It's their den, their base camp and the room they spend the greatest chunk of their time in (even if much of it is when they're asleep), so you and they will want it to be as fabulous as possible. Many children's rooms are also on the small side, yet need to be a place to store not just clothes but toys and to hang out and play in.
So how can you create a space that works and looks great, without it costing so much that it makes you want to retreat into your own room to weep into your pillow?
Whether you're decorating a baby's room for the first time, or revamping an older child's, here's our guide...
1. Think long term.
Avoid spending too much on anything that will be outgrown within a few years. Culprit number one here is scaled down nursery furniture. Yes it looks sweet and it might have shelves that are slightly more accessible for a preschooler but in a few short years, you'll wish you'd bought something full-sized with more longevity.
The stage when a child is able to get their own clothing out of drawers or wardrobes but can't reach into a proper wardrobe or drawer chest with a step stool is really very short.
Stick with full-sized grown-up furniture that wouldn't be out of place in a teenager or adult's room and you'll thank yourself in eight or 10 years' time.
2. If you're buying for a baby and their room is pretty cramped, consider a cot-bed.
These are slightly larger than cots at 140x70cm versus 120x60cm so take up more floorspace in the short term but are worthwhile if fitting a single bed in will be a squeeze later on. They convert to a junior bed suitable up to around age five and at this stage will take up less space than a proper single.
Note though that they won't save you cash overall as you'll still need to buy a single anyway, it'll just delay the purchase. If your child had a cot not a cot bed, avoid buying a junior bed as it's an unnecessary extra expense - go straight to a grown-up single.
As children get older, the amount of stuff they accumulate tends to increase and more of it is likely to be kept up there in their own bedroom (hurray, no more tripping over discarded toys in the living room!)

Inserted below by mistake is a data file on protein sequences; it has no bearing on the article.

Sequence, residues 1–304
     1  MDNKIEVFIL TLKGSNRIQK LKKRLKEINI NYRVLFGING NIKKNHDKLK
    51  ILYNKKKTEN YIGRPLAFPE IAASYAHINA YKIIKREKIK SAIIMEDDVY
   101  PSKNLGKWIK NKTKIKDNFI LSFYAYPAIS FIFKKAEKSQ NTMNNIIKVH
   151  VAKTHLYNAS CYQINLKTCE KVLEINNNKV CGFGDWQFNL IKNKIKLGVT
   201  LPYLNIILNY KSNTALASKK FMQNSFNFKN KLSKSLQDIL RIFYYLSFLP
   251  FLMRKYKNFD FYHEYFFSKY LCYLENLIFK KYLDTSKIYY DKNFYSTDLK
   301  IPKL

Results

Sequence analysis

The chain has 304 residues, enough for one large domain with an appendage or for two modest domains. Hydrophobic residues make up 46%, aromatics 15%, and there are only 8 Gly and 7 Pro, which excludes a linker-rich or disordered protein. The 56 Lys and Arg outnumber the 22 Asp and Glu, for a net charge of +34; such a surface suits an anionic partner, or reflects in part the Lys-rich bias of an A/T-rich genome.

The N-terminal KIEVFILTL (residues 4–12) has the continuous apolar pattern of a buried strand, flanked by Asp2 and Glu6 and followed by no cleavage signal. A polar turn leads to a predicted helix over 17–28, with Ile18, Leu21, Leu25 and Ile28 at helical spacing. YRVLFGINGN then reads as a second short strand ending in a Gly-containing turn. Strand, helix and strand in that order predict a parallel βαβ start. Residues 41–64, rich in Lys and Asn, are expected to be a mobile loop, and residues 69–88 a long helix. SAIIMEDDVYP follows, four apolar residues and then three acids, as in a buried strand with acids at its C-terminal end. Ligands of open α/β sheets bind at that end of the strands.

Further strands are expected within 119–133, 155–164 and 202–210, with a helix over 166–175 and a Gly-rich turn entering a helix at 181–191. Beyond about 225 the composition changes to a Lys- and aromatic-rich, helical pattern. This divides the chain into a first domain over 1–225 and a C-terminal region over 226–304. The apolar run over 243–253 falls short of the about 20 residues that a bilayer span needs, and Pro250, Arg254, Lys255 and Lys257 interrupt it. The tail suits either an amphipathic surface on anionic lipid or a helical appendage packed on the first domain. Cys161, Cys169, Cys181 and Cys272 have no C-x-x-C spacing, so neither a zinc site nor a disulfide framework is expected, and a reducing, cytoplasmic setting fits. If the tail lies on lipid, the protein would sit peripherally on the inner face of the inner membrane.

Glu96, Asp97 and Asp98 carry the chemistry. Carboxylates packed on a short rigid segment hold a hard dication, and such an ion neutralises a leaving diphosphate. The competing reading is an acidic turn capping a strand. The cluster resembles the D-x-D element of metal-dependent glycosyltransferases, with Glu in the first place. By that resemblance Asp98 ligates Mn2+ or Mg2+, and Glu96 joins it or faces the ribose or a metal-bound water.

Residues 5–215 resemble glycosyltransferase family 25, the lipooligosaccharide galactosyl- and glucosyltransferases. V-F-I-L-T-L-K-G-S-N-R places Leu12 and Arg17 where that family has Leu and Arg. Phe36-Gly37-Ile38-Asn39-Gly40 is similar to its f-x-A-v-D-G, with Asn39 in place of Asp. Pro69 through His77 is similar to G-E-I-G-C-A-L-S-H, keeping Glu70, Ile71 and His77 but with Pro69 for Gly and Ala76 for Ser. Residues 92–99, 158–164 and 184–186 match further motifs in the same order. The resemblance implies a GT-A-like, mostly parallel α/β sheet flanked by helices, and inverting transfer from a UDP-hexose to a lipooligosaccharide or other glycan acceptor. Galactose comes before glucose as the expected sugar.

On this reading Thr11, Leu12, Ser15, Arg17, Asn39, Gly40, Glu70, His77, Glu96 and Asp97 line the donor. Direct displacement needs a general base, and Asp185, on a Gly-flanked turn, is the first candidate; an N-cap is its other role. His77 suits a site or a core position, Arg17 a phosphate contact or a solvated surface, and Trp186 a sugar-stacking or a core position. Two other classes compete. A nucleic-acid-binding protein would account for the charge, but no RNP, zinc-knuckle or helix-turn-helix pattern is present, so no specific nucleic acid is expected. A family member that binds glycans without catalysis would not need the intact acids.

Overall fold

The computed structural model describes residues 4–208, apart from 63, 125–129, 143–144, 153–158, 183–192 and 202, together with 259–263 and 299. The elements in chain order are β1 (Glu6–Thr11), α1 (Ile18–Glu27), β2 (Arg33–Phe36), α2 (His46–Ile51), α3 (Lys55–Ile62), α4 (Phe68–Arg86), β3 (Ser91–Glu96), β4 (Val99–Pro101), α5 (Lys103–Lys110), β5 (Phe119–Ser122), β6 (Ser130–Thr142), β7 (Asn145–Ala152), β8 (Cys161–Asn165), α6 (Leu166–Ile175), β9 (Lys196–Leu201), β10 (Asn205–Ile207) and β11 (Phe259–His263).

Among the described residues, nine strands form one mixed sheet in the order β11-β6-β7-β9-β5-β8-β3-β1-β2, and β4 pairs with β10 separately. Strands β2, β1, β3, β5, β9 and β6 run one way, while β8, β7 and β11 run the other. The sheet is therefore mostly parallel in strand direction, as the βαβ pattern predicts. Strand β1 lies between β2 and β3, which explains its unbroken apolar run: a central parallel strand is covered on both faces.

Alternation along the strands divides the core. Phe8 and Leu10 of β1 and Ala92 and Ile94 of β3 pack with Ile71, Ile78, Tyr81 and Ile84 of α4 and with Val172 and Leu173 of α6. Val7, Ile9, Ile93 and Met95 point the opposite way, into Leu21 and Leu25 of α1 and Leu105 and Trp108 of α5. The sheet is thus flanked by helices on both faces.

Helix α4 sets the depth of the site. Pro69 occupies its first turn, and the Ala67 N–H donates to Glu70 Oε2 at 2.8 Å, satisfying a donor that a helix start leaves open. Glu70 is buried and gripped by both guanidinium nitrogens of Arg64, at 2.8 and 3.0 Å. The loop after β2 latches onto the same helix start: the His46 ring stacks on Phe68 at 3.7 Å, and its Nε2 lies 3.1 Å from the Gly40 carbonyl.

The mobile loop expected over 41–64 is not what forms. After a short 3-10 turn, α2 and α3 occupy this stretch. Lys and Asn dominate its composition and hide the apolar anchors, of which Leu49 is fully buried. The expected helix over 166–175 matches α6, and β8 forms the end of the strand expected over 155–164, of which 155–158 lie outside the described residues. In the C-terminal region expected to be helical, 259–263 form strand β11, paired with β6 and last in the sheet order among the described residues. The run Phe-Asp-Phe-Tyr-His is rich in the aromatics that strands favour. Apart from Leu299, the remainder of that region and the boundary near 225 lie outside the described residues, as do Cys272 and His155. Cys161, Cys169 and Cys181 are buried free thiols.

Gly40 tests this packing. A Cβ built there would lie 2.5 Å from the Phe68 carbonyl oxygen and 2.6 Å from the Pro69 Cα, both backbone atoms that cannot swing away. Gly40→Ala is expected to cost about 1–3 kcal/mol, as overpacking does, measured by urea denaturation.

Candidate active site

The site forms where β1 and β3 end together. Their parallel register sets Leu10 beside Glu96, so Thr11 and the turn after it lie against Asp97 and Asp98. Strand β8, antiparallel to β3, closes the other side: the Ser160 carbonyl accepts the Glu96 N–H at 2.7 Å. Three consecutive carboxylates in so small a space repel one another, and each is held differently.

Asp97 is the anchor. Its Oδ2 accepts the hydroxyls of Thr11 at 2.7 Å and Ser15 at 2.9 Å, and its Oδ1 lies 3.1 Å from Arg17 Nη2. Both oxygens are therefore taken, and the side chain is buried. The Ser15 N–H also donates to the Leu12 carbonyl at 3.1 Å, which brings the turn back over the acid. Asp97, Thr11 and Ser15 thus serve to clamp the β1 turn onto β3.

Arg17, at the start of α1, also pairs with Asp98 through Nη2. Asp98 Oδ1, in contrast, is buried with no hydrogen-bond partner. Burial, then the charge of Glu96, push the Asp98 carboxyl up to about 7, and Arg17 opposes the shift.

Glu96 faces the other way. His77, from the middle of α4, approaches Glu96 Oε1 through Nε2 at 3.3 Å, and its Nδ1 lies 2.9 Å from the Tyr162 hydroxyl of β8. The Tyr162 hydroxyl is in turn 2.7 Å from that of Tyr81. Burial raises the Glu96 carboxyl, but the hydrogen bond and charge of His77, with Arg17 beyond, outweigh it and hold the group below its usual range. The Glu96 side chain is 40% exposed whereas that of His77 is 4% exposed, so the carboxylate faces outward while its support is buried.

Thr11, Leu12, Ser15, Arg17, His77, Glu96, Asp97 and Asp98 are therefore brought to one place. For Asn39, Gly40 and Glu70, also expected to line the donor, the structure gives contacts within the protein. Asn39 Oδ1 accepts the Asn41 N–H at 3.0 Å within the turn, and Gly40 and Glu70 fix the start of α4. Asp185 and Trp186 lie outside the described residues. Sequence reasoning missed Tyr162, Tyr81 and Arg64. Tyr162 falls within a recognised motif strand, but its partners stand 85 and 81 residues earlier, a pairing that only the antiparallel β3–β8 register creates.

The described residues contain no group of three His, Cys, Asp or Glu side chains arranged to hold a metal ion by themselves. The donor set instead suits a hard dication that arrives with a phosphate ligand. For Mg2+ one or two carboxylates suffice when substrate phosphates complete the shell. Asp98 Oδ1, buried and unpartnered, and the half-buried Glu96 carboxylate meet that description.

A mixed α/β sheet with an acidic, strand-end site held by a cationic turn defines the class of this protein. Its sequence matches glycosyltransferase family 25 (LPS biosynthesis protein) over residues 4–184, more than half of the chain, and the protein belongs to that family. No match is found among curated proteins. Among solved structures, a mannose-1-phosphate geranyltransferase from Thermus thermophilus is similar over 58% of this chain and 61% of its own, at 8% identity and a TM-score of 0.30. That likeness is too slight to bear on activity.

The space under the bed isn't just for hiding – get wooden under-bed storage drawers or cheap plastic versions from DIY shops or large supermarket home sections (ideally with lids to make dealing with dustiness easier!).
4. Don't go overboard with expensive themed products that might not work for an older child.
Winnie the Pooh wallpaper and curtains might seem cute for your newborn but when they're a five or six-year-old schoolboy, they'll probably be begging you to redecorate with something less babyish.
Future proof their bedroom by creating a blank canvas with painted walls in a neutral colour and curtains that are plain, striped or checked. Then add interest with cheaper items such as lighting, duvet covers or pictures.
Before making any major purchases, ask yourself 'can I imagine this in a seven-year-old's bedroom'?
5. Wall stickers are our number one tip for making that blank canvas more interesting.
6. Add a splash of colour with lighting, rugs, bedding and cushions.
There are a plethora of gorgeous home products for kids out there so - we particularly love Ikea for this sort of thing.
7. There isn't a pastel rule.
If you're decorating a nursery for a new addition to the family, baby blue and pink have been traditional choices but brighter, bolder accessories are funkier and more fashionable.
There's no real reason to stick with pastels – your baby won't literally lie awake at night just because their nursery has some vivid hues.
They're super-practical too, packing in desks, storage and even seating all in the 'footprint' of a single bed - check out Room to Grow's selection. Multi-functional marvellousness!
9. Encourage frames, if you can.
Posters bluetacked to the walls, let's face it, don't look great and some adhesives can damage paintwork. Of course older children will want to choose what goes on their walls but compromise by encouraging posters to be displayed in frames. Cheap ones are available at Ikea.
10. If your children share a room, create a little bit of their own territory for each of them.
Interiors stylist and journalist Anna Tobin writes the Don't Cramp Our Style blog about family life in a smaller home and says: "Not long ago, two, three or even more siblings used to have to share a room. Now there is this idea that all children need their own space, but they can still do this even in a small room.
"My daughters play together and alongside each other in their shared bedroom, but their bunk beds are their own individual territories. They don't allow each other on to their particular part of the bunk. They have personalised these areas with their own artwork and stickers and it's where they retreat to when they want to be alone."
Have a look at our gallery below for product ideas for your child's bedroom...
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